background-color: red;
    & ul {
        background-color: green;
        & .list {
          font-size: 16px;
          & .link {
            color: pink;
              & :hover {
                color: blue
              }
          }
        }
      }
  }
}

This is equivalent to

main section {
  background-color: red;
}

main section ul {
  background-color: green;
}

main section ul .list{
  font-size: 16px;
}

main section ul .list .link{
  color: pink;
}

main section ul .list .link:hover{
  color: blue;
}

The last selector has six levels of nesting. This can lead to a lot of specificity issues if you ever want to override the styles. As a general guide, keep nesting only three levels deep. You can use stylelint to keep this in check. Prefer to use classes with descriptive names as much as possible.

Styles after nested selectors are ignored

This is good to keep in mind when using nesting. Consider this example:

main {
  & section {
    background-color: red;
  }
  color: green;
}

The color: green will be ignored since it is after the nested selector. With CSS nesting, any styles should be applied before the nested selectors. This is one difference between CSS nesting and nesting with other preprocessors.

Conclusion

Nesting is an exciting feature that will soon be added to native CSS. In this article, we have discussed the following:

  • Nesting will help to keep stylesheets modular and more maintainable. This is because with nesting, all styles related to a selector, children/parent selector, and even media queries can be nested in the same place
  • How and when you can use direct nesting and the @nest rule
  • Why you should keep specificity in mind while using nesting and avoid over-nesting

For further study on CSS nesting, you can refer to the W3C draft for the CSS nesting module.

Is your frontend hogging your users' CPU?

As web frontends get increasingly complex, resource-greedy features demand more and more from the browser. If you’re interested in monitoring and tracking client-side CPU usage, memory usage, and more for all of your users in production, try LogRocket.https://logrocket.com/signup/

LogRocket is like a DVR for web and mobile apps, recording everything that happens in your web app or site. Instead of guessing why problems happen, you can aggregate and report on key frontend performance metrics, replay user sessions along with application state, log network requests, and automatically surface all errors.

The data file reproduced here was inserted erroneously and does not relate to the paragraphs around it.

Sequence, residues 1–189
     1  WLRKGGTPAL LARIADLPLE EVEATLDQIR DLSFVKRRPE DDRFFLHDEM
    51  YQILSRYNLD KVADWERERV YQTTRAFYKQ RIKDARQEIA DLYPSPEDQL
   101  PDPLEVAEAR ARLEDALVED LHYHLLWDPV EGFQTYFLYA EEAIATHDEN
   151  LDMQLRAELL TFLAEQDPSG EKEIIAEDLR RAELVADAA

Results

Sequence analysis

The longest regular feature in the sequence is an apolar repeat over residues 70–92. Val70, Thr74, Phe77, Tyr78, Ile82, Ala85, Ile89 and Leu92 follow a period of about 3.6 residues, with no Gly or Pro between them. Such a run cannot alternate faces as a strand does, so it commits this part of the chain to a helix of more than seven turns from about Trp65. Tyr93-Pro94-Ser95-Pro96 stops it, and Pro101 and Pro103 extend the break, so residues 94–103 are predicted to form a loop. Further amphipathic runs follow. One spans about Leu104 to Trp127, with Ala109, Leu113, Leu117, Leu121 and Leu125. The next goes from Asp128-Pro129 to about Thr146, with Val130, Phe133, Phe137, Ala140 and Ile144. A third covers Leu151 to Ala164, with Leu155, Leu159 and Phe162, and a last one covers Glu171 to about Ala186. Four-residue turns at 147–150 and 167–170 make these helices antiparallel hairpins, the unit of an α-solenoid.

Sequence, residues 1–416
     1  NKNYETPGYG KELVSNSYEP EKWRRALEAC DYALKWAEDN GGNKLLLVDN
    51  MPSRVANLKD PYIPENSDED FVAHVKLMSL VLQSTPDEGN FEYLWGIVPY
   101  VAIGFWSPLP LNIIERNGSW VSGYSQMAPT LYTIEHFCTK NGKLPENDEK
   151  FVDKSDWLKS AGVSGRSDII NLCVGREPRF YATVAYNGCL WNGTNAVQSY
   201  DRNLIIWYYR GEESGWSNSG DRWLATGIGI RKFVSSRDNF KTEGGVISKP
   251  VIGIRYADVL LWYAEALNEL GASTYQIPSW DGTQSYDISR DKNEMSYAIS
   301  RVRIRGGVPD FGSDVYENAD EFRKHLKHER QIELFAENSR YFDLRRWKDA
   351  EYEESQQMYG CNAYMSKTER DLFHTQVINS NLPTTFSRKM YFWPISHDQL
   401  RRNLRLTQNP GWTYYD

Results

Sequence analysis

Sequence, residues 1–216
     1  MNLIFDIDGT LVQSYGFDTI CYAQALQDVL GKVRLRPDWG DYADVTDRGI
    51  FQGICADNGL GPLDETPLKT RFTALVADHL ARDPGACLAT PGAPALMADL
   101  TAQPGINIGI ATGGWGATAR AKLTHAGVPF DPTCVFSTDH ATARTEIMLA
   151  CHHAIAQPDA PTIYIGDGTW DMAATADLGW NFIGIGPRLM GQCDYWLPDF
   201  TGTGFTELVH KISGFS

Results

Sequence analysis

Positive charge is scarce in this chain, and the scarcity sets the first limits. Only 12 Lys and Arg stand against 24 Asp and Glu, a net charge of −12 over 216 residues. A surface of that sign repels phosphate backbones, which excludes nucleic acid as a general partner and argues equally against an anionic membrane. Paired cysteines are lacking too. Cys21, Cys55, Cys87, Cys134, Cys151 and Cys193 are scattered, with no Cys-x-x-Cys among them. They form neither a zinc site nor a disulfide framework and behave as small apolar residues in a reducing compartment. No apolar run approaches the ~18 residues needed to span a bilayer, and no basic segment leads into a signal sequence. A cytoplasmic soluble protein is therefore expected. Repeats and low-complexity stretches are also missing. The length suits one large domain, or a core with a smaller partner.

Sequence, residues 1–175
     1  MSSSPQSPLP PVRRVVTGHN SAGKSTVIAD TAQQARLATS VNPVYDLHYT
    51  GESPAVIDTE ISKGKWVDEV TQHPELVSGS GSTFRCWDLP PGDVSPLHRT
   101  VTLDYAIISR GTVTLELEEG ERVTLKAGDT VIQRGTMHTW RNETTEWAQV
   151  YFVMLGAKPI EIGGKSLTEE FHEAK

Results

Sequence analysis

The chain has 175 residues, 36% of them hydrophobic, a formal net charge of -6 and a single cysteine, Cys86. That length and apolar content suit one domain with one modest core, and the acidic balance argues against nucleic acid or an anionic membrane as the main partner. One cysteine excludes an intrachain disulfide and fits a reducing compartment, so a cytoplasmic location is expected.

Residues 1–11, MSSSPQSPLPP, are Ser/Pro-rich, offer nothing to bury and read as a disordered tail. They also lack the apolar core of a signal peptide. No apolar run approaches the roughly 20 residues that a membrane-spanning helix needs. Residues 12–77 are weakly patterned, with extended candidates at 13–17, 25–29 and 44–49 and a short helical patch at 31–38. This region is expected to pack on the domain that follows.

Modernize how you debug web and mobile apps — .

Sarah Chima Atuonwu I am a Fullstack software developer that is passionate about building products that make lives better. I also love sharing what I know with others in simple and easy-to-understand articles.

5 Replies to “Native CSS nesting: What you need to know”

  1. Maybe not best to use it unless totally necessary, as SCSS still has advantages of not requiring to use that many ampersands in the code. And it can easily be forgotten or that it can catch errors before the compiling has completed. And also that we have modules that we can work from which would make it ideal. But either way would be good to have that as native.

    Kind regards,
    Michael

  2. BBEdit can reformat these before and after examples to be much easier to understand. For instance, here’s the over-nested example:

    main
    {
    & section { background-color: red;
    & ul { background-color: green;
    & .list { font-size: 16px;
    & .link { color: pink;
    &: hover { color: blue;
    }

    main section { background-color: red; }
    main section ul { background-color: green; }
    main section ul .list { font-size: 16px; }
    main section ul .list .link { color: pink; }
    main section ul .list .link:hover { color: blue; }

  3. After writing Less, Sass, SCSS, Stylus, back to SCSS… and now spending a year with no pre-processor: it’s hard to imagine using this syntax. As huge fans of nesting… we can’t believe we’re come to a point where we might just prefer not to. If we could skip the & on every line, and we also had HTTP2 or something concatenate the files natively, maybe it would be a winner. We’ll cross our fingers for something better to happen… or wait to evolve our stance.

Leave a Reply